In April one of the largest bank failures in years occurred. State regulators shut down First NBC Bank, New Orleans. The FDIC was appointed the receiver and they promptly sold a small part of the assets (about 1 billion) to Whitney Bank. The December total assets of NBC were 4.74 billion. Of course, no customers lost money, but the FDIC really took a hit to its Deposit Insurance Fund.

A combination of aggressive lending and bad timing led to their downfall. That’s where sound appraisals help protect the community bank.

This is the largest failure in years, and you have to go back to 2008-2009 to find a closure of this size. It can still happen though. But the banking industry has come out of the woods and grows healthier every year.

Ohio House Bill # 463 Plywood vs. Polycarbonate Sheeting

Ohio recently enacted a ban on the use of plywood when boarding up vacant properties. Ohio is also the first state to enact a ban of this type. Property preservation has been a significant issue for many states that have areas of abandoned properties. To see a neighborhood of boarded-up houses creates a neighborhood blight issue that is hard to overcome.

Polycarbonate clear boarding is the board up the material of choice. While it resembles glass, It is also extremely hard to break and secures property without standing out, which creates less of an abandoned look. The cost is a key factor of polycarbonate vs. plywood. The cost of a typical 4 x 8 sheet of plywood is usually $ 20.00 to $30.00, while a polycarbonate sheet is closer to $115.00 - $150.00 a sheet.

Fannie Mae was an early adopter of this home preservation method. In the last several years they have retrofitted over 4,000 houses and over 11,000 properties with this type of home preservation. The official start date for Fannie Mae’s use of alternatives to plywood was November 9, 2016.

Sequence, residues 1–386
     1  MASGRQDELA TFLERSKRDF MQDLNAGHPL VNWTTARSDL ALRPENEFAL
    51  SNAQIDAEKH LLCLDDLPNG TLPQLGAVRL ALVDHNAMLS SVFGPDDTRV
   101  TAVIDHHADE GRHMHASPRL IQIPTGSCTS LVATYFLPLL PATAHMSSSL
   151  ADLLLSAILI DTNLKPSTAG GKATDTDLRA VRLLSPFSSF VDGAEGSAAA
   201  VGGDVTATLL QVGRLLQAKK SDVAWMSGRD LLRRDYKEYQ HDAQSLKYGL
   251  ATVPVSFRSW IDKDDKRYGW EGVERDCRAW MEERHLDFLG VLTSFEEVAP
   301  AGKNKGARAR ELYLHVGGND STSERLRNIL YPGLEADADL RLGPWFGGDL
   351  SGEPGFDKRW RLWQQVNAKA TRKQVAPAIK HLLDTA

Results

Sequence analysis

There is some opinion that the cost of polycarbonate alternative is prohibitive to lenders with REO / Banked owned properties. The other side of the argument is that this solution presents a more amenable, aesthetically pleasing option to controlling neighborhood blight. As an appraiser, a lender, or just a neighbor, what are your thoughts? Should other states be looking at this option? Is this a viable way to offset the issue of neighborhood blight that every state seems to be battling?


Video: Product Demonstration-City of Warren Oh

Source: DSNews.com – "Ohio Governor Signs Plywood Ban Into Law."

Source: Dayton Daily News – " Ohio’s new plywood ban on vacant houses could change Dayton’s blight."

March 2017 Origination Insight Report - EllieMae

Ellie Mae recently provided information on the loans flowing through their platform. They are a software provider that was founded in 1997 that many community banks utilize. Right now, they are handling almost a quarter of the loans made in the United States. That’s a decent % and the data they provide is a good reflection of the actual mortgage market.

The March data looks like this: 63% of their mortgages were purchase, and 37% were refi, a significant change from the past nine months. Refi’s had been running in the mid to high 40’s. The time to close (all days) was an across the board 43 days.

What I found really interesting was the FICO scores. The average score on all closed loans increased slightly in March to 721. Below are graphs of the average FICO score distribution for All Purchase, Conventional, Refinance, and FHA.

So compare this info to what your bank is doing. In my experience community banks tend to lead on performance for closing days. Service, like SAMCO, is what they provide and sell!


See full reports from EllieMae: Origination Insight Reports


About Us

In everything we do, we believe in open and honest relationships. In knowing our client, the community banker, the way they know their customers and community. 

The way we achieve that client relationship is by always being available, improving our client's service to their customer, providing regulatory compliance, and saving our client actual dollars. This is accomplished through working together as a team, being completely open and frank to our SAMCO teammates/clients, and by taking personal responsibility.